Should you go into business with your best friend?

Starting a business with your friends sometimes sounds better than the alternative - starting alone. Rich Myers answers the age old question – should you go into business with your best friends?

You’re probably bored of me harping on about it by now, but as you know, I started my first business at the age of 19, with two of my best friends. Now generally speaking, my experience here of working with friends was fine. We had some arguments and some disagreements, but on the whole we got on and we’d always resolve any issues.

A different experience of working with friends

A few years later I actually set up another business, a web development company, with a different group of friends. And honestly, it was really difficult. To work with friends, you need a strong understanding of each other, and of what each other’s expectations and goals are. You have to have a real trust in each other. It was probably why my first business worked well – all me and my mates really wanted out of our club night was to promote our own band, meet girls (hey, we were 19), drink lots and come away with some cash at the end of the night.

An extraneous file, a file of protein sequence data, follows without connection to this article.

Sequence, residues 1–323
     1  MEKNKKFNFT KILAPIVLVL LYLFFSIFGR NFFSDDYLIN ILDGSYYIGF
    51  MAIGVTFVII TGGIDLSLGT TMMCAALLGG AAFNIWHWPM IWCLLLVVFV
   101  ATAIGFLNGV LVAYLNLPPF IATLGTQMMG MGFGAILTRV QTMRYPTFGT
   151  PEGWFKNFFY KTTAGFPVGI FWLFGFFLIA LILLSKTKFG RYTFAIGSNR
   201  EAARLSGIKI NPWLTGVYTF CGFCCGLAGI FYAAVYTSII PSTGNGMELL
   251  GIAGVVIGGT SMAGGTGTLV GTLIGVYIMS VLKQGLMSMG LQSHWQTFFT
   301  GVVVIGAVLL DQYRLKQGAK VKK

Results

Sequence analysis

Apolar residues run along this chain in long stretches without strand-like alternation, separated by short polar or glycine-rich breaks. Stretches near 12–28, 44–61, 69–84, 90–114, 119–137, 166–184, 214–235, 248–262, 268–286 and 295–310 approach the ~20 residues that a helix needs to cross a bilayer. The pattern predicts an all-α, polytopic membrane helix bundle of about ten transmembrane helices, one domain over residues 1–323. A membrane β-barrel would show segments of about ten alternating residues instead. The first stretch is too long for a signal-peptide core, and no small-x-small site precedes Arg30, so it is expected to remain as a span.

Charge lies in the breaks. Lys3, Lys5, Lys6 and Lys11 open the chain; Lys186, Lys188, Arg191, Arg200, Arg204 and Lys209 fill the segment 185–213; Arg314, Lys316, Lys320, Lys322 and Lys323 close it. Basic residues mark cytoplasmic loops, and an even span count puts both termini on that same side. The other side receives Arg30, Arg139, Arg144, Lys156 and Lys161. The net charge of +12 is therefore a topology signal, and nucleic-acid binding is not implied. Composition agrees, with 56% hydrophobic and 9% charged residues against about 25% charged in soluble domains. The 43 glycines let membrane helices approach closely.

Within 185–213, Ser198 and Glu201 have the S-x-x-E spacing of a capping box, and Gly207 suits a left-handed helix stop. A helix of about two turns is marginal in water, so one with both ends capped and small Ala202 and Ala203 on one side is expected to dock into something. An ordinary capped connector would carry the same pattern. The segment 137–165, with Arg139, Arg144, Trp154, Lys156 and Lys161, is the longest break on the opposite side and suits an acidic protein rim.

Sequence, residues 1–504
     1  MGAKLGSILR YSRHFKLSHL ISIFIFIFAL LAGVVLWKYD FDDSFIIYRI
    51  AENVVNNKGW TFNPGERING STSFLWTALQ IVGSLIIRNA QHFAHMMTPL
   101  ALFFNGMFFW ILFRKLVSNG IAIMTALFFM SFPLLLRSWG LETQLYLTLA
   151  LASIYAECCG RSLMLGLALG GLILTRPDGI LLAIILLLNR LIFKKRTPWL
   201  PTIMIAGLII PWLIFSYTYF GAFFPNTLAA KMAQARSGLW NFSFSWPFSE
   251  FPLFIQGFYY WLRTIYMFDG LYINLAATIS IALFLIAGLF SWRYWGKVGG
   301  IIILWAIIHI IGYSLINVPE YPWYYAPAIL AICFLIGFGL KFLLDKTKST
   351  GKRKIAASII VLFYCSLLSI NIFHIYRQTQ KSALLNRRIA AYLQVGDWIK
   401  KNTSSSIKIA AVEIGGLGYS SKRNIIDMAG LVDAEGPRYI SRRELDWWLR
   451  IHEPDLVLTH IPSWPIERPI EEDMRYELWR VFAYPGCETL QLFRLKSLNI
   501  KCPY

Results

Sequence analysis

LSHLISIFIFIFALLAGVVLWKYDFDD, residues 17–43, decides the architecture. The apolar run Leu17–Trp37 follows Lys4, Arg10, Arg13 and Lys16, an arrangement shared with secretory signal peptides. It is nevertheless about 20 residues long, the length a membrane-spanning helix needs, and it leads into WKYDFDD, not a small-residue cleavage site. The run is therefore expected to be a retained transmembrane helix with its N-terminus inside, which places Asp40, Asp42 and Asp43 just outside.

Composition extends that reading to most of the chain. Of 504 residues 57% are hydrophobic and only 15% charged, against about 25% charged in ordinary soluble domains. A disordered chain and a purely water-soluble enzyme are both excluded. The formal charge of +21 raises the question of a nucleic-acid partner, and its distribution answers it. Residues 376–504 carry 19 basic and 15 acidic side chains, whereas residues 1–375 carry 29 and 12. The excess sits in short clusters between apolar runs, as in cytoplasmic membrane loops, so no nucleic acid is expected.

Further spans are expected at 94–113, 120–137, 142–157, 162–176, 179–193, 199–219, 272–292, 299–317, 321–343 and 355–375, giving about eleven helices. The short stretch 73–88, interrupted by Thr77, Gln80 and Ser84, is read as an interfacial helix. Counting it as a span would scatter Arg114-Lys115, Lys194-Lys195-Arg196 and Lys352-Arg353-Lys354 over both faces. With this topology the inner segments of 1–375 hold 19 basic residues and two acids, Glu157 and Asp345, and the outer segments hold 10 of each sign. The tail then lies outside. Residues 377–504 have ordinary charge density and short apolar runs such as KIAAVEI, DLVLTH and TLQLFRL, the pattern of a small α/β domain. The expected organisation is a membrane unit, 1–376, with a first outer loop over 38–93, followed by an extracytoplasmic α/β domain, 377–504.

In my experience, extending your friendship into a business partnership rarely works in the long term. And I don’t think I’d want to risk a friendship again by going into business. To me, friendships are more important than business partnerships anyway.

What should you look for in a business partner?

Recently, an old pal of mine, who lives up in Scotland, contacted me because she was thinking about setting up a business with her friend. So I spent an hour or two with them both on Zoom, sharing some advice. And I had to start the conversation by saying “I know you don’t want to hear this, but my advice is to think long and hard before going into business together”... 

If you’re looking for a business partner, you should be looking for someone who compliments your own strengths and weaknesses. And you need to be able to be brutally honest with each other at times. The brilliant thing is, if you get it right, then your business partners can become friends. My partners here at Transmit, Damian and Ian, I count them as friends now. But that’s because we’ve become friends through the business.

Settling the debate...

So what would I say if you’re determined to start a business with your best friend? Well, I’d advise you to sit down and have a few in depth conversations before you actually get into the logistics of setting anything up. Be open and honest with each other about what you want from the business. And have a plan for what happens if, after you start out, something doesn’t feel right. And finally, make sure you still make time for each other, as friends. It’s important to make sure you maintain your relationship, business or no business.

If you're thinking of starting a business and don't want to go it alone, you can find support and camaraderie in the Smarta community. If you haven't already, you can sign up free and become part of a community of entrepreneurs who can support - and sometimes challenge - each other.

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